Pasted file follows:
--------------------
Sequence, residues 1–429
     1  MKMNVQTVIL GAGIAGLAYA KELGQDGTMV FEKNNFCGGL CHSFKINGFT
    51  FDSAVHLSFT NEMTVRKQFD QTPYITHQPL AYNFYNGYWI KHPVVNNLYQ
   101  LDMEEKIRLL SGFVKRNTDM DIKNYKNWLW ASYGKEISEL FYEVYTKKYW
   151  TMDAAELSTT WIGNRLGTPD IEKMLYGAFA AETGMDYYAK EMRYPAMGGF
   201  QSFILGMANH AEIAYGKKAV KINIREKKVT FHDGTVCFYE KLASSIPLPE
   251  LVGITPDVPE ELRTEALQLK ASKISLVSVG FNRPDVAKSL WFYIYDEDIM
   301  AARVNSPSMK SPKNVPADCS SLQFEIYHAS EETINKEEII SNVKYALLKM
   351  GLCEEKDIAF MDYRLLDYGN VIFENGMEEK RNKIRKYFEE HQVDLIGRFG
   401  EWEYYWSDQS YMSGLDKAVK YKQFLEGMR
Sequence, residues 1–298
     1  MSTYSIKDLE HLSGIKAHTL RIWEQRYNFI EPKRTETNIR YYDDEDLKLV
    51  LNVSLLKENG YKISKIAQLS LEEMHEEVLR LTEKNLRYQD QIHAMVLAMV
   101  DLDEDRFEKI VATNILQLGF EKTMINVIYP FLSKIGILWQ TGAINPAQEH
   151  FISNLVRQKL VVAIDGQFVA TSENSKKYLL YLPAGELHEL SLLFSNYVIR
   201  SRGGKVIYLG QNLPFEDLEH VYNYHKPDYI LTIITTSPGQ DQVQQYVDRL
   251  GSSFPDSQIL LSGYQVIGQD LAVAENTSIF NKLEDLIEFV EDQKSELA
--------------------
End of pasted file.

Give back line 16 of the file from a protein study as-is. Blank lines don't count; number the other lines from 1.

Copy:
   201  SRGGKVIYLG QNLPFEDLEH VYNYHKPDYI LTIITTSPGQ DQVQQYVDRL